How was it to work with Aoife O’Kelly? How did she get on board the project?

F.I.: I spent eight months shortlisting and inviting possible directors to send in a treatment after giving them copies of the book to read.  We sent out over fifty copies of the book. I had invited Aoife to read and send in a treatment after seeing her short film Lula from the cinematographer who I had employed on the series Ask Funmi. We got a lot of great responses – and I am looking forward to working with some of the directors –, but Aoife’s treatment stood out.

We needed a lot of preparation before the shoot in Nigeria as Aoife was a first time director, Irish and had never been to Africa. I did get some initial resistance to hiring her for those same reasons, but we liked the treatment she submitted and liked that she was gutsy enough to attempt it. Once signed on, we began a collaborative process to provide her with as much creative support, technical assistance and cultural interpretation needed from screenplay, casting and prep to shoot. Filming in Lagos was long, rigorous and challenging, but she handled it really well. Aoife was great to work with.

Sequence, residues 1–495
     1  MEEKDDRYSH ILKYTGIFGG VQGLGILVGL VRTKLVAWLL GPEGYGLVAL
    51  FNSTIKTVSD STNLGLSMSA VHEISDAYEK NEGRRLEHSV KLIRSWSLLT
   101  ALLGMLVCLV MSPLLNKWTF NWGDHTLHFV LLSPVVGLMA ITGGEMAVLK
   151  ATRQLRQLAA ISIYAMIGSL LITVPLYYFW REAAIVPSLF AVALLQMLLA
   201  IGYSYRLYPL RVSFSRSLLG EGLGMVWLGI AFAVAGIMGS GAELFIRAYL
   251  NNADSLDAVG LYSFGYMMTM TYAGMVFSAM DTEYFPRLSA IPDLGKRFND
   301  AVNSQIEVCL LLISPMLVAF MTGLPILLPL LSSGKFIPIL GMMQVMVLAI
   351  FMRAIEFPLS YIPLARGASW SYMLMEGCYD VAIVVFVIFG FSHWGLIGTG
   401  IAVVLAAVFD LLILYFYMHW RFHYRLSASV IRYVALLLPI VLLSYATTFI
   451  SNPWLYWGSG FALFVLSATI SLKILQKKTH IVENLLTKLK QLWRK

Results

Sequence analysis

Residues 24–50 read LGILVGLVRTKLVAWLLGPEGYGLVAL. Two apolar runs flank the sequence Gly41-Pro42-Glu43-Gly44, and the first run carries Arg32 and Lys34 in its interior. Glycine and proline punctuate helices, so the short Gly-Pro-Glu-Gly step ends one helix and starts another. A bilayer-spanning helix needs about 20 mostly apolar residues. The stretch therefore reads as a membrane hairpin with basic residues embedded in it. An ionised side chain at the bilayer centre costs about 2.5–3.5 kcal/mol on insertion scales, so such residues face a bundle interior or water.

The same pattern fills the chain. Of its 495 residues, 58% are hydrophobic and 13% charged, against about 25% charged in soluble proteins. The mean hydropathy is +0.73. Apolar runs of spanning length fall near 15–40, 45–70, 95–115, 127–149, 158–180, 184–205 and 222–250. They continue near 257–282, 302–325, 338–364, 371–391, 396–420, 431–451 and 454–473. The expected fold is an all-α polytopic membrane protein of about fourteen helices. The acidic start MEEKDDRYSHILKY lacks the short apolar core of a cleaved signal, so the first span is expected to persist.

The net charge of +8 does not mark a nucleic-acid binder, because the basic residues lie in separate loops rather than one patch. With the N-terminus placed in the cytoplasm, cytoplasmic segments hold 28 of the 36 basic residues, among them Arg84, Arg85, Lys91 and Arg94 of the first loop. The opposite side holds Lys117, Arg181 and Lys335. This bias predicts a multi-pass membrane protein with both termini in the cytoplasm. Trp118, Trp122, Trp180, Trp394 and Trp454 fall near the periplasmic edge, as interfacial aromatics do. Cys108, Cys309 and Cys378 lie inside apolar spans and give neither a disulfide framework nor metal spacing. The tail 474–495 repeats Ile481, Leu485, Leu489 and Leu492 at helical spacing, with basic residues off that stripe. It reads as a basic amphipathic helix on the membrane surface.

What impact do you think the film will/can possibly have in Nigeria, but also in the rest of the world?

F.I.: I think we have made an important film for Nigeria whose real impact will not fully unfold until later in the future. It is already much discussed and eagerly awaited for several reasons. I believe that one day, Walking with Shadows will become the reference for the beginning of the youth cultural pushback against limiting conservatism through film. As the most populated black nation in the world, a film like Walking with Shadows coming out of Nigeria and Africa will be Nigeria’s first gentle wave out to the world as a contributor to the radical cultural changes sweeping across many countries.

How does the film connect with the live interview on national television you did with Nigeria’s first openly gay man in 2004, an interview that had dire consequences for both of you? Can you talk about that experience that opened your eyes to the depth of homophobia and the heightened levels of social intolerance in Nigeria?

F.I.: The film is a continuation of my career-long attempts to promote social justice, egalitarianism and progressive liberalism through all forms of media. I really do detest injustice, chaos and waste. Social repressions are to me a form of waste which promotes chaos and foster social instability.  All of my career is a thinly veiled attempt to live in peace in a stable society and sustainable environment. Nigeria was not always this homophobic. We would no longer be so homophobic if the human waste that repression promotes was replaced by the sort of liberties that promote economic growth and individual prosperity for the largest majority.

In the press kit for Walking with Shadows, you state that “decades of institutional decay had eroded social cohesion in Nigeria” and that this “intolerance extended from gay people to ethnicities, religion and gender.” Can you comment on that?